> Ugo schreef: >>> Compiled with g95 ffloatstore >>> It shows that epsilon(1._rp) is actually twice this number. > I have not studied the original code in detail, but it is easy to > get it wrong leading to a factor 0.5 or 2 in the answer :) >> And with intel fortran compiler you get this funny result >> machine zero = 1.1102230E16 >> fortran supplied = 1.1920929E07 >>> Could anyone explain to me why is epsilon defined as twice the machine >>> zero? >> Well, that would be easy. But with the intel compiler there is an even >> more puzzling result! I just missed the main idea behind your code, so >> I'll leave the puzzle to other people. > The puzzle above is simply explained, but it is an example of a very > annoying aspect of today's computing: > The compiler can optimise the little program that was posted, to such > an > extent that intermediate results are left in the extended precision > memory > that is used for the actual arithmetic. > Therefore, the computations in the loop are done with a higher > precision > than you expect from the source code, leading to misleading results. > I guess that with "real" programs, which are far too large for this > kind > of optimisation, the issue is much less important, but I keep feeling > uneasy about it. The program above or variations thereof is the > only example I know of that really fails because of this phenomenon. > In more realistically sized programs the results usually differ in the > last few decimals from platform to platform. Annoying of course, > but not as fatal as this failure.
Using compilers released during the last 5 years, and hardware platforms of the last 7 years, you have a choice whether to generate code which evaluates single precision expressions in double (sometimes extended double) precision. The fact that 32bit PC compilers generally default to extra precision evaluation does not require you to use that option (unless you agree with the frequently expressed opinion that no compiler of the last 5 years should be considered). I can remember programming practice of 25 years ago, but I don't consider the practices of 5 years ago "today's computing." I do have one of those old favorite Fortran compilers still installed on my Windows laptop, but I use it mostly as reference material.

Tue, 23 Dec 2008 21:14:22 GMT 


Tim Princ #6 / 26

epsilon intrinsic
Quote:
> No pont in reinventing the wheel. The following Fortran code > is available at Netlib and its results match the intrinsic Epsilon. > Skip Knoble > DOUBLE PRECISION FUNCTION D1MACH () > INTEGER IDUM > ! > ! This routine computes the unit roundoff of the machine. > ! This is defined as the smallest positive machine number > ! u such that 1.0 + u .ne. 1.0 > ! > ! Subroutines/functions called by D1MACH.. None > ! > DOUBLE PRECISION U, COMP > U = 1.0D0 > 10 U = U*0.5D0 > CALL DUMSUM(1.0D0, U, COMP) > IF (COMP .NE. 1.0D0) GO TO 10 > D1MACH = U*2.0D0 > RETURN > ! End of Function D1MACH  > END > SUBROUTINE DUMSUM(A,B,C) > ! Routine to force normal storing of A + B, for D1MACH. > DOUBLE PRECISION A, B, C > C = A + B > RETURN > END
You would still require attention to compilation options to make this work. If you set your compiler to extra precision and inlining optimization, possibly with compiletime evaluation of the loop termination expression, you will still have the "problem" which you expected to avoid.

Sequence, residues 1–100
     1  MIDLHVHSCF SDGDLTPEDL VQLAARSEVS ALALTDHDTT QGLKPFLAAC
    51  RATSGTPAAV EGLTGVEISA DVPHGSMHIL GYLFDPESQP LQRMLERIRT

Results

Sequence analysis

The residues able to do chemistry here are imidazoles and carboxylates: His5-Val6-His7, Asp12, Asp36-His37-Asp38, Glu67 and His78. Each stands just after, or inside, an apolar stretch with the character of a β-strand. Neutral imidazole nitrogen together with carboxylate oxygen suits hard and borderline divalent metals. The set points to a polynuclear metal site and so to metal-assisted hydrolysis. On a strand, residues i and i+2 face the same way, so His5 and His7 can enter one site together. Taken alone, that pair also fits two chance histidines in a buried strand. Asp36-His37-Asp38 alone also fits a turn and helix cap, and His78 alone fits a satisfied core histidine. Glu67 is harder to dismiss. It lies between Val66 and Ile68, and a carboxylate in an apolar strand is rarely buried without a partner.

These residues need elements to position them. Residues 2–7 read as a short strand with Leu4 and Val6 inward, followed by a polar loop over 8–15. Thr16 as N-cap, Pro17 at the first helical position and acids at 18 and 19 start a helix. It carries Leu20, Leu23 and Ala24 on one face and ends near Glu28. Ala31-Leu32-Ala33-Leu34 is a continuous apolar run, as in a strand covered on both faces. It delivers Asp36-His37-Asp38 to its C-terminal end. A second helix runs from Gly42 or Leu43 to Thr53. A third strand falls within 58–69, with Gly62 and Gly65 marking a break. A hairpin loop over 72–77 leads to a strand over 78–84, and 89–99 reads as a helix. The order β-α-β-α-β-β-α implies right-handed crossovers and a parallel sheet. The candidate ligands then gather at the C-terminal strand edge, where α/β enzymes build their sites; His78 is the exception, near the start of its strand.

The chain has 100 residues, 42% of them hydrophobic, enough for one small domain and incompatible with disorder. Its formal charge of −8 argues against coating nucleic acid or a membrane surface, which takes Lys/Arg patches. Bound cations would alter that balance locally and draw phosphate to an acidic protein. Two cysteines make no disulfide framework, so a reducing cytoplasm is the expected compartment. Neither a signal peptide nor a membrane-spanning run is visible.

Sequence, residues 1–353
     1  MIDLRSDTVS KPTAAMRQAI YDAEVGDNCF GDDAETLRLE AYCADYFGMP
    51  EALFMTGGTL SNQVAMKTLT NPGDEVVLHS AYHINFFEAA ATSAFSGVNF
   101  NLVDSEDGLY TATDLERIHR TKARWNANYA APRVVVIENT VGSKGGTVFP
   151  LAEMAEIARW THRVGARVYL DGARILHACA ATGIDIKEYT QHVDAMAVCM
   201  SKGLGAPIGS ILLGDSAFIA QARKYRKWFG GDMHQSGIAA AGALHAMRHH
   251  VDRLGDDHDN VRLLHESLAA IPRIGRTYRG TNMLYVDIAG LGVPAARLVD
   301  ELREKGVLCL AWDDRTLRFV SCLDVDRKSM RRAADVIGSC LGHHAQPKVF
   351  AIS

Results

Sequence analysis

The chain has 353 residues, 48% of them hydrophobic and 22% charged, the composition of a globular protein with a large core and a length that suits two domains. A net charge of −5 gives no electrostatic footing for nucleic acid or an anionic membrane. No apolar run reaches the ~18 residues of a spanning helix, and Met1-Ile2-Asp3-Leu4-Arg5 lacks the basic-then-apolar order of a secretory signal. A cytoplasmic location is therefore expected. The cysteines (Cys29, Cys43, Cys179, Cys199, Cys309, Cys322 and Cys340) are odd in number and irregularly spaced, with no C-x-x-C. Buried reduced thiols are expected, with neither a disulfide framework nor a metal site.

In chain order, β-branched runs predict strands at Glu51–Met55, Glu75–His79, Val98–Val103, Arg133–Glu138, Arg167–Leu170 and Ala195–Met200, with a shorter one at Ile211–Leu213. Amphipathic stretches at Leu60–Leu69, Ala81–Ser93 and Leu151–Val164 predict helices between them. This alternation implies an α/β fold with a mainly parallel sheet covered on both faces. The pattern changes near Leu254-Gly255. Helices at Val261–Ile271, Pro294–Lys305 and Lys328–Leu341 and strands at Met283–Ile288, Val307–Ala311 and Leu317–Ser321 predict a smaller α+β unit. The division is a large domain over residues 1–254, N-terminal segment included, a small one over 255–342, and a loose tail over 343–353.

Tue, 23 Dec 2008 21:18:32 GMT 


Herman D. Knobl #7 / 26

epsilon intrinsic
Tim: Thanks. I think the original author, (Hindmarsh?, added the DUMSUM to avoid these difficulties. I don't know of any compiler oroptinos on IEEE platform where this code does not work; that does not mean there are none. Of course the whole point is to use the F90 Epsilon intrinsic. Skip
> No pont in reinventing the wheel. The following Fortran code > is available at Netlib and its results match the intrinsic Epsilon. > > Skip Knoble > > DOUBLE PRECISION FUNCTION D1MACH () > INTEGER IDUM > ! > ! This routine computes the unit roundoff of the machine. > ! This is defined as the smallest positive machine number > ! u such that 1.0 + u .ne. 1.0 > ! > ! Subroutines/functions called by D1MACH.. None > ! > DOUBLE PRECISION U, COMP > U = 1.0D0 > 10 U = U*0.5D0 > CALL DUMSUM(1.0D0, U, COMP) > IF (COMP .NE. 1.0D0) GO TO 10 > D1MACH = U*2.0D0 > RETURN > ! End of Function D1MACH  > END > SUBROUTINE DUMSUM(A,B,C) > ! Routine to force normal storing of A + B, for D1MACH. > DOUBLE PRECISION A, B, C > C = A + B > RETURN > END >  You would still require attention to compilation options to make this work. If you set your compiler to extra precision and inlining optimization, possibly with compiletime evaluation of the loop termination expression, you will still have the "problem" which you expected to avoid.

Tue, 23 Dec 2008 21:40:56 GMT 


higheg #8 / 26

epsilon intrinsic
Quote:
> No pont in reinventing the wheel. The following Fortran code > is available at Netlib and its results match the intrinsic Epsilon. > Skip Knoble > DOUBLE PRECISION FUNCTION D1MACH () > INTEGER IDUM > ! > ! This routine computes the unit roundoff of the machine. > ! This is defined as the smallest positive machine number > ! u such that 1.0 + u .ne. 1.0 > !
Thanks for the reference. I wonder whether the above is true. As Ugo wrote, the Fortran epsilon intrinsic is not what I thought, but "the smallest nonzero difference between 1 and another number" (thanks Ugo). It is 2^23 in single precision according to the Fortran standard, which defines it in terms of the bit model for real data. My program computed approximately 2^24  thus, it seems to me that something like 1._rp + epsilon(1._rp)*0.75 == 1._rp + epsilon(1._rp) should hold for both double and single precision. This expression produces .true. with both g95 and intel with rp = kind(1.e0) or kind(1.d0) (with ifort, you must use mp to maintain precision) Thus, strictly speaking, the comment in D1MACH is incorrect. As D1MACH comes from Netlib and I think is used by both BLAS and LAPACK, I'm not sure whether I'm not committing a sort of heresy... Jaroslav

Tue, 23 Dec 2008 22:53:30 GMT 


Herman D. Knobl #9 / 26

epsilon intrinsic